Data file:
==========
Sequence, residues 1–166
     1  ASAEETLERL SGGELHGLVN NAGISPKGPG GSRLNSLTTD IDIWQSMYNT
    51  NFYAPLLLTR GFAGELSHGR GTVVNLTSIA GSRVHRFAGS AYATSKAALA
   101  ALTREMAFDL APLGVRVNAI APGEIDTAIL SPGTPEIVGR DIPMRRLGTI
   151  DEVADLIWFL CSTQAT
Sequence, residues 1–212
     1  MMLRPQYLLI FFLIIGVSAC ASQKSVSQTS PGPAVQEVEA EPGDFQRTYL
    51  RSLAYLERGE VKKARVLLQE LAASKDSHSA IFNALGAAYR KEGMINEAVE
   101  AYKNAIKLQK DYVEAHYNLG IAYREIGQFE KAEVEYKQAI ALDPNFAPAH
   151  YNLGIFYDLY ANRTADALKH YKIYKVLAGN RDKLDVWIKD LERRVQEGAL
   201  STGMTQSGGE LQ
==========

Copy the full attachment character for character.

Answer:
Sequence, residues 1–166
     1  ASAEETLERL SGGELHGLVN NAGISPKGPG GSRLNSLTTD IDIWQSMYNT
    51  NFYAPLLLTR GFAGELSHGR GTVVNLTSIA GSRVHRFAGS AYATSKAALA
   101  ALTREMAFDL APLGVRVNAI APGEIDTAIL SPGTPEIVGR DIPMRRLGTI
   151  DEVADLIWFL CSTQAT
Sequence, residues 1–212
     1  MMLRPQYLLI FFLIIGVSAC ASQKSVSQTS PGPAVQEVEA EPGDFQRTYL
    51  RSLAYLERGE VKKARVLLQE LAASKDSHSA IFNALGAAYR KEGMINEAVE
   101  AYKNAIKLQK DYVEAHYNLG IAYREIGQFE KAEVEYKQAI ALDPNFAPAH
   151  YNLGIFYDLY ANRTADALKH YKIYKVLAGN RDKLDVWIKD LERRVQEGAL
   201  STGMTQSGGE LQ